My Story: Young, Black & Living With Multiple Myeloma

Jo-Carolyn Goode | 2/22/2016, 4:31 p.m.
My story begins just about eight years ago now – which all depends when you count my full and complete ...
Yolanda Brunson Sarrabo

My story begins just about eight years ago now – which all depends when you count my full and complete diagnosis the second go around. My life, just as any vibrant young woman on the move and focused on her career, took me through many positive and rewarding avenues and was full with many opportunities. Well, you know the old mantra…when things are looking too good the obstacles are not too far behind, and unfortunately for me it was my health that was to be my test.

I’ve always been diligent in meeting doctor’s appointments for preventive measures from as early as I can remember. I had my first mammogram before the age of 40, as my grandmother succumbed to breast cancer. I, being the eldest grandchild, was concerned and my thinking was it never hurts to be proactive. My doctor agreed.

This is the story of my life being proactive…and you know what? Sometimes that doesn’t stop you from going through things. The blow of hearing the news “cancer” does not soften, no matter how healthy or together you think you are.

Red Flags

A routine checkup with my primary doctor as I normally scheduled once a year was the call out that something may be wrong. The blood work doctors constantly seem to take actually does make sense, and the call out for me was my protein levels were a huge red flag.

My numbers were around 3000+ and the normal range is about 6-8 Gms, which I can’t recall the specifics but I believe 200-300 read were normal… and not 3000. My husband and I were about to travel to Mexico when I received a follow-up call with concern.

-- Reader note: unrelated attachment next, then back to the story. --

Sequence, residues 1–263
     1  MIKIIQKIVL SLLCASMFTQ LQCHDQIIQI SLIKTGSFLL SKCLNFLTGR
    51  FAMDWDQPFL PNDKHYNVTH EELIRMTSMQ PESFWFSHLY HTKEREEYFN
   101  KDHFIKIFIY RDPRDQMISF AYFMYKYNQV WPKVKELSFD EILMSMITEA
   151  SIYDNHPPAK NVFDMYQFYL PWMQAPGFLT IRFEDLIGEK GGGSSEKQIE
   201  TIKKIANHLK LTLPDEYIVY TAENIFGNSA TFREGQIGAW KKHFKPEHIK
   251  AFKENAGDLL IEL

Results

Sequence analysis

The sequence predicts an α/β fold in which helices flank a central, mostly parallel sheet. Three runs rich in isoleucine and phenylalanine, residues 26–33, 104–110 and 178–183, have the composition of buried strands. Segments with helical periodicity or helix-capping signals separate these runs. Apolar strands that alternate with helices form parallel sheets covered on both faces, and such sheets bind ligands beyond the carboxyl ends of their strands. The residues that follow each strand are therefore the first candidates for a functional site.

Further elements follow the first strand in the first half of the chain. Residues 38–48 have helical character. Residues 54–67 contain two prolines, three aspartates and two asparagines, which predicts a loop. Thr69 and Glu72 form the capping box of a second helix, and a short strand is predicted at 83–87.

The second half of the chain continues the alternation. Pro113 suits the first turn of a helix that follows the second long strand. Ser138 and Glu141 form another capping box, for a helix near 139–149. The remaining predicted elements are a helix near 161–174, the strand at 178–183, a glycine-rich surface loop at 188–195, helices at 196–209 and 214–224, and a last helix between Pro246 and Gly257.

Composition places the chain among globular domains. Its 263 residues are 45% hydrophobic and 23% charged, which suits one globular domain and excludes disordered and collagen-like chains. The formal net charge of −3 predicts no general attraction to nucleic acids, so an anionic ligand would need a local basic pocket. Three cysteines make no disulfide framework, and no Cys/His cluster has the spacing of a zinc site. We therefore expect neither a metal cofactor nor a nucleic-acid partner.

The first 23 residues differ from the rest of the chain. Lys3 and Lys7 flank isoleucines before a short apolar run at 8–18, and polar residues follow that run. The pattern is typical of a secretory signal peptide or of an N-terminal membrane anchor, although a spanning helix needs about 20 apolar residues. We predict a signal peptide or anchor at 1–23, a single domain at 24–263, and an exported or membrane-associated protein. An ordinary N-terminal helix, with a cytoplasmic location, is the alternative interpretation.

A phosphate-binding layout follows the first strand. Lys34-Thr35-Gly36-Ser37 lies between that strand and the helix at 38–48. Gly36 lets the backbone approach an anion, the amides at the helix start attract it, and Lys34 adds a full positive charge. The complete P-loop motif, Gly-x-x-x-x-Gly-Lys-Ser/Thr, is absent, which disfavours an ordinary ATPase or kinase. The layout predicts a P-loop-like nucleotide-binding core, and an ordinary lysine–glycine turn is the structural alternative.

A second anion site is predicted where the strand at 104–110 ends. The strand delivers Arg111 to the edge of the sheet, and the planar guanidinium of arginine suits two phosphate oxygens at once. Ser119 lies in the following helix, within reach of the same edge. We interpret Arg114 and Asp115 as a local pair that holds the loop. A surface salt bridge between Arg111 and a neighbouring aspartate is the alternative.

I was told to seek a hematologist…. A who??? This all came out of left field for me because I didn’t understand what the numbers really meant or what type of doctor was a hematologist. My doctor called me again the following week to check if I found an physician to review the matter further, and his stern voice and even more concerned tone told me this was, indeed, serious.

Did I feel a certain way prior? I don’t recall but I think sometime any ache or slight oddities we give a reason for feeling that way. I did notice a clicking of my bone when I walked up or down the steps, and craving for starch. I don’t believe this meant anything at the time.

Learning About Multiple Myeloma Firsthand

I was diagnosed with multiple myeloma. Multiple myeloma is a bone/blood cancer. My prognosis was at an early stage, and I was listed as asymptomatic myeloma. This specific cancer takes place in the plasma cells; basically, this is where white blood cells are formed within the plasma cells on bone marrow, which help combat infection.

Myeloma forms when these abnormal cells begin to divide, over and over again. This leads to crowding of the normal cells and then causes low white blood cell counts. This disease can cause havoc to the bones (lytic lesions) and kidneys (failed renal system) over time.

No one in my family has had this disease, better yet, I’d never heard of it until then. If you can imagine it was hard to grasp it all, and yes I went through mentally and emotionally. I was proactive learning more about this disease and amazed when it was referenced that many Black people are diagnosed with this disease and may not realize it.